Witness to Witness: Aspects of Flourishing During the Holidays
[Editor’s Note: The holidays are upon us! Today, we turn to Witness to Witness (W2W), Migrant Clinicians Network’s program that serves those who are in high stress jobs working with vulnerable clients who are themselves experiencing high levels of stress. Kaethe Weingarten, PhD, the founder of W2W, sends out a bimonthly newsletter. Today’s blog post is a peek into her newsletter, which includes a rundown of W2W’s successes in 2020, as well as resources and strategies to flourish during these difficult times. Read more about W2W on the Witness to Witness webpage, where you can also sign up for the W2W newsletter – click “Sign Up for the W2W Update”.]
When the history of the last four years is written, I believe that ordinary people are going to be portrayed as the heroes of our time. Election officials, poll watchers, health care workers, grocery clerks, postal service workers, janitors -- the list could go on and on -- have all been willing to do their jobs to help other people, often under adverse conditions. That was the nature of their heroism: helping others.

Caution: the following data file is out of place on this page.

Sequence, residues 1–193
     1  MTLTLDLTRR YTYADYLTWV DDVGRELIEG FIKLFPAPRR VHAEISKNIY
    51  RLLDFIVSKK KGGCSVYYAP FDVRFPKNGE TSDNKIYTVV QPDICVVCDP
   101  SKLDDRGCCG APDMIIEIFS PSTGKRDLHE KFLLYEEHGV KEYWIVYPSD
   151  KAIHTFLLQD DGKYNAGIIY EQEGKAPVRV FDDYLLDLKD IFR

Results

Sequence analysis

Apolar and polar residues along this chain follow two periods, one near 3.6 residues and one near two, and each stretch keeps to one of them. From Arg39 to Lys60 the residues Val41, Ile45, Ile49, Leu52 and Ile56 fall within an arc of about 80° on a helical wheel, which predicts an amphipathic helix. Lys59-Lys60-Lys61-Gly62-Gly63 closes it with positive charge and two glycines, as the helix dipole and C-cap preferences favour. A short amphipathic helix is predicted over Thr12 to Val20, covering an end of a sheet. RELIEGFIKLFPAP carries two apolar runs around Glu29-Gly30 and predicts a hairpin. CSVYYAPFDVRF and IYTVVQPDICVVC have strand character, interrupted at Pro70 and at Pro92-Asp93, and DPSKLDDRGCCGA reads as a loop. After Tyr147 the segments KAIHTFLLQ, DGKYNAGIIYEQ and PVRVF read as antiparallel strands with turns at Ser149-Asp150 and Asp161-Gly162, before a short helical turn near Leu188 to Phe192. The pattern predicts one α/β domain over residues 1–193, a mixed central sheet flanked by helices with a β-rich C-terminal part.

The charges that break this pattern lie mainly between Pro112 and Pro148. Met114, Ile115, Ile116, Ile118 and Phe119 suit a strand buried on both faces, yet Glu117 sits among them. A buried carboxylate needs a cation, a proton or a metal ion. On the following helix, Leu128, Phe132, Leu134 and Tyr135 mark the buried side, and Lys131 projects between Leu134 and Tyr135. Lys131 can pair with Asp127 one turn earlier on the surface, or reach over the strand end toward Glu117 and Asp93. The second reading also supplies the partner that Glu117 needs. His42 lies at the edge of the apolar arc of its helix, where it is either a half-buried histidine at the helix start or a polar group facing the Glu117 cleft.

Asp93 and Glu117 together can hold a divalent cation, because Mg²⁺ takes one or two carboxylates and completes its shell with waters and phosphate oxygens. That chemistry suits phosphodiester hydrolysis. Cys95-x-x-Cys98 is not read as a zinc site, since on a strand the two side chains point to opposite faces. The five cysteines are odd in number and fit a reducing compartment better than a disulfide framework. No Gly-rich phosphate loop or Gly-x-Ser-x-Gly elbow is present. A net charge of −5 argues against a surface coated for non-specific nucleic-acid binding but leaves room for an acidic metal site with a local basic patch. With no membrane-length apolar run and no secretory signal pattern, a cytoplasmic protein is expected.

W2W exists to help those helpers. Those who participated in this work know that helping the helpers benefits us as well. We are grateful for the opportunity to serve.
We have accomplished a lot in 2020 and will do even more in 2021 because the demand and need for our services is growing stronger each day.
- Offered variations of seven different webinars in both Spanish and English to multiple groups with over 3000 registrations
- Facilitated multiple peer support groups
- Met one on one with scores of attorneys and health care workers
- Distributed 36 W2W Updates containing over a hundred curated articles
- Posted over 200 articles on the W2W Facebook page
- Continued to support MCN staff
- Successfully completed four IRB (research proposal) protocols
- Published two articles in peer-reviewed journals; wrote two MCN blogs and published research on W2W programming in Streamline
- Presented on W2W both nationally and in the UK
- Sent out several grants to locate funding for W2W
- Created article and slide deck archives on over 50 COVID-19 topics
…and probably there is more…
We strive in all of our work to put into practice socially just frameworks.
- We apply systemic principles to communities for the purpose of social justice